COVID-19 Op-ed

The Miserable State of Ta’ang Peoples of Myanmar in the time of COVID-19

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Stephen Nyein Han TunTea Land Research

Since early March 2020, many countries, including those in the
Southeast Asian region, have been responding to the Covid-19 pandemic through
a range of emergency measures, which includes lockdowns, restricted movement
and provision of social safety nets for the poor. In Myanmar, the detection
of its first case much came later than the rest of the world (The Heartbeat
of Nation Myanmar Times, 2020: para. 1). As of this writing, there are
already 127 cases, with infections rising by the day.To ease the impacts of
Covid-19, the Government collaborated with different organisations to control
the outbreak of the disease. It also promised to provide basic needs to
civilians who are at risk of getting infected (The Irrawaddy 2020: para 1).
However, such aid has not reached those who need it the most. The limitation
of medical equipment and implementation, unequal distribution of food aid and
medical assistance, the lack of information regarding health education and
armed conflicts has made it more difficult for the people to survive the
crisis, especially the Ta’ang indigenous peoples whose livelihood
predominantly relies on agribusiness and tea production.The Ta’ang/Palaung is
an indigenous group with a population of about 1.5 million. They mainly
reside at the hillside areas of Northeast and Southeast Myanmar (Shan state).
At the moment, there has been no clear information about any Covid-19 cases
in areas where Ta’ang peoples live.Since the outbreak started, eighteen (18)
human rights cases have been recorded involving Ta’ang peoples. Such cases
include forced labour, torturing and unfounded arrests (Ta’ang Women
Organisation, 2020). Apart from these, such crisis had made it difficult for
them to be informed about the crisis, be compliant with preventive measures,
and more importantly, be able to withstand socio-economic impacts of
Covid-19.Lack of
Knowledge on Health and Access to Services
peoples have little to no access to information about the COVID 19 pandemic
and available public health services. They also do not clearly understand
symptoms and ways to prevent the disease. One key reason for this is that
many of them do not understand the Burmese, which is the official language of
Myanmar. Thus, the Ta’ang people are not able to follow basic rules such as
physical distancing, wearing masks, regular hand-washing, and avoiding large
gatherings (Ta’ang Women Organisation, 2020). Perhaps, this could be the
reason why no cases have been recorded in their area.There is not enough
medicines and equipment, such as masks, testing kids and ventilators for
COVID-19 patients throughout the country. Such reality is very much felt in
remote areas. Samples have to be sent to Yangon for testing, and it usually
takes at least one week to get the results—which for a Covid-19 patient,
might be too long a wait (Tea Land Education Foundation, 2020).Unequal Distribution of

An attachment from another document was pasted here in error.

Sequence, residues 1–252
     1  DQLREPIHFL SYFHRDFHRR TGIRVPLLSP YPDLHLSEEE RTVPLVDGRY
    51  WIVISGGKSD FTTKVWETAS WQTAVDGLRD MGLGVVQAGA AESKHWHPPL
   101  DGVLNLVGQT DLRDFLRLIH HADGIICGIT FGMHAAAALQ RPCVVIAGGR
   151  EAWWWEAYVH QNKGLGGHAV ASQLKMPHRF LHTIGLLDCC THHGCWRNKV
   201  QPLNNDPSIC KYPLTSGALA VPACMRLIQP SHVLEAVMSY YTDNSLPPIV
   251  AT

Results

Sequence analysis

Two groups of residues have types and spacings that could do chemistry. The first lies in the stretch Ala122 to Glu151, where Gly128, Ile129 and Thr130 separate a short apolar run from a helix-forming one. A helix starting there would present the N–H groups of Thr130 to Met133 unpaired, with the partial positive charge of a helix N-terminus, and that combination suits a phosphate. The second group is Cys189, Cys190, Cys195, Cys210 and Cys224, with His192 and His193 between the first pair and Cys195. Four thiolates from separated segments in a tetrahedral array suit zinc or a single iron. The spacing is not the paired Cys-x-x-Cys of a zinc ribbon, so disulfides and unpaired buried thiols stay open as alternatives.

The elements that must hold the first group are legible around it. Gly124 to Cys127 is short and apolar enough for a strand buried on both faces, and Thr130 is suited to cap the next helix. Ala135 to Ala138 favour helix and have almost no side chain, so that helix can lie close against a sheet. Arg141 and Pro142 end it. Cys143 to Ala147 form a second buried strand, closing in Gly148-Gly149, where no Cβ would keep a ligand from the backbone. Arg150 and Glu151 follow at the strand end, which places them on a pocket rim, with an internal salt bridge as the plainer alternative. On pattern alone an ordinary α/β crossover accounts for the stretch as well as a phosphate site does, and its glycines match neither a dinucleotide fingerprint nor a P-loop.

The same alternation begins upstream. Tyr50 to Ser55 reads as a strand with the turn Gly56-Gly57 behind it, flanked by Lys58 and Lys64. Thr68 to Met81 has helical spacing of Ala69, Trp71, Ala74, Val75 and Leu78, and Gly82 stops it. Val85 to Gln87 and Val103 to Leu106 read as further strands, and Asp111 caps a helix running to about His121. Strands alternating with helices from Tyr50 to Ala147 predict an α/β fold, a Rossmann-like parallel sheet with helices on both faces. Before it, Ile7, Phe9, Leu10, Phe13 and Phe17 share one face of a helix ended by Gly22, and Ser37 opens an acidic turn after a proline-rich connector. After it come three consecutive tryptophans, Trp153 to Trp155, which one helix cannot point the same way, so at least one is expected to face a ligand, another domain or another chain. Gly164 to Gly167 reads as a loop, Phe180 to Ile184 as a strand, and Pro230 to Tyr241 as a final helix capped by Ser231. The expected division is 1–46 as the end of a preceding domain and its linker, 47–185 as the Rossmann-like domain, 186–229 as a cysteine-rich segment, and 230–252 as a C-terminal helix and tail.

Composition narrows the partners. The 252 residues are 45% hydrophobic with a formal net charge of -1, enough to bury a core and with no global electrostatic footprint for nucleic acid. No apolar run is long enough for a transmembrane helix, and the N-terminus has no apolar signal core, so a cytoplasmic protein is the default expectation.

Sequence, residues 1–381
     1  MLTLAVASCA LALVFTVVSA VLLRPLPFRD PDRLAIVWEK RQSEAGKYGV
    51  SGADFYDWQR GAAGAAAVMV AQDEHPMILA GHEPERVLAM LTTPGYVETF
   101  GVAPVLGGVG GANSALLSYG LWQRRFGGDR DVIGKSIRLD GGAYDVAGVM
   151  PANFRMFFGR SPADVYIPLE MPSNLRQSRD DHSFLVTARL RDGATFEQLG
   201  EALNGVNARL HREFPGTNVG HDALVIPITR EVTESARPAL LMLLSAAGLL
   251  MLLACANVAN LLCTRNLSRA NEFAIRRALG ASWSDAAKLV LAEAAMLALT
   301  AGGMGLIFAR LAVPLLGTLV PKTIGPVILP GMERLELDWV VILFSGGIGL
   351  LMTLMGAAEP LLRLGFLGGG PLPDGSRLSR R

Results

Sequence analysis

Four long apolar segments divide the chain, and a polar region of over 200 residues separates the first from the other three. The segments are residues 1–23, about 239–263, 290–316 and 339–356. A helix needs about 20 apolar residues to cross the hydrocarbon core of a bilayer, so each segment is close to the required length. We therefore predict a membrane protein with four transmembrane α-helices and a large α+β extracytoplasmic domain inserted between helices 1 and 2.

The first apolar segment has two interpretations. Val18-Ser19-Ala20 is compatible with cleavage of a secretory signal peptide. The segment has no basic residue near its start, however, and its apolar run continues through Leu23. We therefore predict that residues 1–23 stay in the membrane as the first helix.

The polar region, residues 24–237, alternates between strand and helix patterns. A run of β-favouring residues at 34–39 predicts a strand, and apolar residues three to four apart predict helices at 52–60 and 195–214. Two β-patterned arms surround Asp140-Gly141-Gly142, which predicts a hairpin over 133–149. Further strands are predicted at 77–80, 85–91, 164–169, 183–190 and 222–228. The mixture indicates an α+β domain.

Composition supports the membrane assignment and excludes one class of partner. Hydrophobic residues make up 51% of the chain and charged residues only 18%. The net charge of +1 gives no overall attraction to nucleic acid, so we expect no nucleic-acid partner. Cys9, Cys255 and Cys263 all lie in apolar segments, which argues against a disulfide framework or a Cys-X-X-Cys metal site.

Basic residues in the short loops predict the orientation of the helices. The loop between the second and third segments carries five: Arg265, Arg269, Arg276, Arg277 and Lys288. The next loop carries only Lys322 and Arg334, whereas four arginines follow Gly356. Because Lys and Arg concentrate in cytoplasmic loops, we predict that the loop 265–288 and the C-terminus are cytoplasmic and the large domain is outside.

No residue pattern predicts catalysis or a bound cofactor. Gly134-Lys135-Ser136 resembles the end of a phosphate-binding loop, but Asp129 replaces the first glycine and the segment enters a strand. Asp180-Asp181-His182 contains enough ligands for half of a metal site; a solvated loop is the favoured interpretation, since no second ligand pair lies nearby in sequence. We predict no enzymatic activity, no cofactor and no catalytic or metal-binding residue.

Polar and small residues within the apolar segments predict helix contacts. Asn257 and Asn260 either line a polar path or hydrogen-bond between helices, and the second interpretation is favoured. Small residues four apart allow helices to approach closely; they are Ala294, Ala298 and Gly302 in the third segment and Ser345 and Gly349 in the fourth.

State Aid
As previously mentioned, the State
announced that it would provide food for the poor. (The Irrawaddy 2020).
However, most Ta’ang peoples from remote areas are unable to access this
support. The government had declared that those with farmlands are
disqualified from accessing such support (Kaung Sein, 2020). This move had
excluded many Ta’ang peoples, despite being economically deprived and at high
risk of infection.Even though the State has announced regulations, many local
stores still increased prices of essential goods. This has severely affected
the tea industry, which many Ta’ang peoples rely on. Tea sales keep
decreasing due to low demand from cities and monopolization by a few local
brokers. This mean that a significant number tea worker might end up
unemployed due to the current situation.The Need for an Inclusive Covid-19
Despite confronted by a low number of
cases compared to its neighboring countries, the Myanmar government should
act swiftly, strategically and humanely in order to stop the Coronavirus from
spreading throughout the country. It should focus on disseminating
life-saving information in languages understood by indigenous/ethnic groups.
It should also ensure equitable distribution of food and access to medical
assistance, especially in far-flung areas. Furthermore, the Government is
compelled to implement measures for indigenous peoples to be fully healthy,
safe, and secure during and after the Covid-19 pandemic.Reference:

Nyein Han Tun2019    Ta’ang
Tea Farmer and Customary Land Dispossession in the Context of China-Economic
Corridor in Northeast Myanmar. MA thesis, Chiang Mai University,

Kaung Sein2020   Interview by the author. Shwe
Phee Myay New Agency (20 April 2020).Ta’ang Women Organisation2020 
  Statement on Human Rights Violation in Ta’ang Region.Ta’ang Women
Organisation2020    Interview by the author. Ta’ang Women
Organisation (19 April 2020).Tea Land Education Foundation2020 
 Interview by the author. Tea Land Education Foundation (19 April
2020).The heartbeat of Nation: Myanmar Times2020   State Counsellor
says Myanmar still free of COVID-19,
(Accessed 21 April 2020).The Irrawaddy2020   Latest COVID-19
Developments in Myanmar: April 6, 2020
(Accessed 21 April 2020).United Nations2020    Secretary-General Reiterates
Appeal for Global Ceasefire, Warns ‘Worst Is Yet to Come’ as COVID-19
Threatens Conflict Zones.
22 April 2020).World Health Organisation2020    WHO
Director-General’s opening remarks at the media briefing on COVID-19—11-march-2020
(Accessed 22 April 2020).

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